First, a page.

In short: Staking crypto is a means for passive crypto income, just as a high-yield savings account is a source of passive fiat income. But that’s where the comparison should stop.

Will my crypto staking get shut down the way crypto interest accounts have been suspended in the U.S.? 

Well, it’s crypto after all, so the real answer is: who knows? This question is a reflection of the gray area that is crypto, regulation and crypto platforms. 

In February, BlockFi, a crypto-lending and investment platform, suspended its interest accounts for new U.S. customers. The central question raised by the US government was whether BlockFI interest accounts are securities, and thus susceptible to securities compliance. The U.S. government deemed the interest accounts as securities (which BlockFI disagreed with), and BlockFi was found at fault for not registering the products as such. This is an oversimplification, but gets to the heart of the issue.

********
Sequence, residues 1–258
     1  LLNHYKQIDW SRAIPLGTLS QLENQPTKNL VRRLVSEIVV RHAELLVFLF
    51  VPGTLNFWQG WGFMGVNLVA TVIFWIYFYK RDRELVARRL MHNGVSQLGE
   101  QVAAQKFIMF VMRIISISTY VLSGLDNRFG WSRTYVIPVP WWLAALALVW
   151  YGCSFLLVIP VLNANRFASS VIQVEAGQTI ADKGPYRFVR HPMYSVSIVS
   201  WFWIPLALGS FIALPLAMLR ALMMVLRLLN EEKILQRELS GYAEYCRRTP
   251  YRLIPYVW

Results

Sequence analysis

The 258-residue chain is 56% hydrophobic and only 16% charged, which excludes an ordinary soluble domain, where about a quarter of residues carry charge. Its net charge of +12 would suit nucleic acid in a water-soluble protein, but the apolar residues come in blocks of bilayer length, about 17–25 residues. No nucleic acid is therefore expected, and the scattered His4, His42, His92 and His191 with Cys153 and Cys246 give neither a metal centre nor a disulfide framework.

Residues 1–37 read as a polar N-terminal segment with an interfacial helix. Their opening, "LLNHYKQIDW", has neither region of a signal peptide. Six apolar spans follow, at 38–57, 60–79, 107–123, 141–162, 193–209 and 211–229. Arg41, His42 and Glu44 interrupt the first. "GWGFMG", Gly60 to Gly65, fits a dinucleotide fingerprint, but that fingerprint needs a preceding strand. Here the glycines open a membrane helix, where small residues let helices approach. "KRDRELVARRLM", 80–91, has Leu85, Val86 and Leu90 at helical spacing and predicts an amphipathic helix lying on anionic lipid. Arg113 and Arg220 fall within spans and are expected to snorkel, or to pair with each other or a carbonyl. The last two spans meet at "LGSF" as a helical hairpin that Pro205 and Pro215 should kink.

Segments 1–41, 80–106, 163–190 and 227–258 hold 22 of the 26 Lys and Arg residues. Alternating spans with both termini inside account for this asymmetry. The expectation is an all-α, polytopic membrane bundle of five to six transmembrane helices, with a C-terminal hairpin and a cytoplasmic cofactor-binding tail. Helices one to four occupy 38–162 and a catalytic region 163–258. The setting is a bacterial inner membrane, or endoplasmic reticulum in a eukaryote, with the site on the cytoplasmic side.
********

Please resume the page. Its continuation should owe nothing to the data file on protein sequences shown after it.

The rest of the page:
The accounts were not suspended just because they were interest accounts. And coming back to staking, staked crypto is not a crypto interest account, anyway. 

The question of whether cryptos are securities or commodities has loomed since Bitcoin went mainstream, and regulators’ views are evolving with more urgency as adoption increases.  Commodities are typically defined as “basic goods” that can be bought, traded or exchanged; for example: oil, grain, or gold. Securities, however, yield return from a common enterprise or company, like a share in a company that trades on the stock market. Commodities are considered “stores of value” because they hold value over time unlike a security; for example, shares of General Motors have fluctuated drastically over time. 

And while the U.S. is firm that bitcoin is a commodity and largely treats other cryptos as such (for now), debate persists about whether other cryptos are securities instead. When something is a security, there’s more regulation!